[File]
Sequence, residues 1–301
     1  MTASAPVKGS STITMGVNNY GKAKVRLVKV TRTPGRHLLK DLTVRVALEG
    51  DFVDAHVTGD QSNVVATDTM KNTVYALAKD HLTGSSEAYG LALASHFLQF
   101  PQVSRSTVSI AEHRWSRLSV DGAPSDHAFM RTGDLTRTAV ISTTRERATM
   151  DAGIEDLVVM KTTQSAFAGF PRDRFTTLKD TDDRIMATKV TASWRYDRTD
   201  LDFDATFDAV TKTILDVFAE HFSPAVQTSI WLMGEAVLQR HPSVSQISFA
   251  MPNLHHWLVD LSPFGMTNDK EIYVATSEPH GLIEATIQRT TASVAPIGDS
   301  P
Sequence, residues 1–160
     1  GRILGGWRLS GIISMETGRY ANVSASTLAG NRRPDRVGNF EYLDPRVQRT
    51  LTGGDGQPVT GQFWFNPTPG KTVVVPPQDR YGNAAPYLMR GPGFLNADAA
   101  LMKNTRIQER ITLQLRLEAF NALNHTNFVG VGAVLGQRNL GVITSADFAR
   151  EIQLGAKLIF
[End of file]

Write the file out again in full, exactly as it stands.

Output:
Sequence, residues 1–301
     1  MTASAPVKGS STITMGVNNY GKAKVRLVKV TRTPGRHLLK DLTVRVALEG
    51  DFVDAHVTGD QSNVVATDTM KNTVYALAKD HLTGSSEAYG LALASHFLQF
   101  PQVSRSTVSI AEHRWSRLSV DGAPSDHAFM RTGDLTRTAV ISTTRERATM
   151  DAGIEDLVVM KTTQSAFAGF PRDRFTTLKD TDDRIMATKV TASWRYDRTD
   201  LDFDATFDAV TKTILDVFAE HFSPAVQTSI WLMGEAVLQR HPSVSQISFA
   251  MPNLHHWLVD LSPFGMTNDK EIYVATSEPH GLIEATIQRT TASVAPIGDS
   301  P
Sequence, residues 1–160
     1  GRILGGWRLS GIISMETGRY ANVSASTLAG NRRPDRVGNF EYLDPRVQRT
    51  LTGGDGQPVT GQFWFNPTPG KTVVVPPQDR YGNAAPYLMR GPGFLNADAA
   101  LMKNTRIQER ITLQLRLEAF NALNHTNFVG VGAVLGQRNL GVITSADFAR
   151  EIQLGAKLIF